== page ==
Free Enterprise - The FindLaw Small Business Law Blog

Do You Have to Provide Customers With a Bathroom?

Running a brick and mortar business is ripe with pitfalls. On top of ensuring the premises are safe for everyone, accessible to those with disabilities, and meets the business's goals, many business owners wonder about their legal obligation in terms of providing customers with a restroom.

State and local laws and regulations lay out the minimum physical requirements for what a business's public accommodation must provide. So, whether your business must provide a public restroom for customer will depend on where your business is located.

Size and Type of Business

Businesses that provide public-facing spaces of a certain size are generally required to provide a public restroom. These requirements will likely be different when it comes to businesses that serve food. Some businesses may be exempt from providing their own restrooms if they are located within a shopping plaza, mall, or other area that has a restroom for customers' use.

The requirements tend to be geared around the business's customer capacity. Usually, businesses are required to provide a minimum number of bathroom facilities for every X number of customers (e.g. one restroom for every 40 customers would require a restaurant that seats 100 guests to provide three restrooms).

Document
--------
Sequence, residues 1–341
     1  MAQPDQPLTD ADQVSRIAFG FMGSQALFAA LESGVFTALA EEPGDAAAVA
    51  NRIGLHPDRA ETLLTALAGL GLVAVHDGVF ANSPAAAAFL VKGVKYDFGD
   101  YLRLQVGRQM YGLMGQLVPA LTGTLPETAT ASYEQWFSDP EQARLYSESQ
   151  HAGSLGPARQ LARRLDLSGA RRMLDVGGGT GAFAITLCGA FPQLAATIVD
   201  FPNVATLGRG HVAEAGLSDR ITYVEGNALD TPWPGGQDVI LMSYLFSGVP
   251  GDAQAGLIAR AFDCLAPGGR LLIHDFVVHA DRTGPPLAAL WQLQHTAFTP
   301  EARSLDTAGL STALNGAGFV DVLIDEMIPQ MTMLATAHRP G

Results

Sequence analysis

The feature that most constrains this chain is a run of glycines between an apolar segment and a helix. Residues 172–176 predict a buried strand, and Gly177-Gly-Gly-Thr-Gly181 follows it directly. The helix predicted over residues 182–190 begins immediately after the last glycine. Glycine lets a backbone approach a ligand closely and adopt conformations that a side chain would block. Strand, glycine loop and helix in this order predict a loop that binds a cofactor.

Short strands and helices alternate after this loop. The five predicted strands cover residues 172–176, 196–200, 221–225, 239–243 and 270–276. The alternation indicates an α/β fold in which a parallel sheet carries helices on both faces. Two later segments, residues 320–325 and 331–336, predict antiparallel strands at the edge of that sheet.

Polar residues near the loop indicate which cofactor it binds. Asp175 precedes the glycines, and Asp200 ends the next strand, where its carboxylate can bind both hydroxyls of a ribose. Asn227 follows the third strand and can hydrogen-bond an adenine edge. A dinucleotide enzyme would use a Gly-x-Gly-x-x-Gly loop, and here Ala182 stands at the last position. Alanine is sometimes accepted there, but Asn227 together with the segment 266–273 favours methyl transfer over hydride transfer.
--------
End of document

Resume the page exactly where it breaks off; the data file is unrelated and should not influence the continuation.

Exceptions for Medical Reasons

Some states have laws that require businesses that have employee bathrooms to allow customers with actual medical necessity to use an employee restroom. However, these laws are not absolute. For instance, in Tennessee, if allowing a customer to use the employee restroom would pose a risk of injury to the customer, or would put the business at risk in other ways, then the business may still be able to refuse.

If you have questions about whether your business needs to provide customers with access to restrooms, you should contact a local business attorney as these matters tend to be rather nuanced, and some buildings or properties might be subject to local exemptions for historical, practical, or other reasons.

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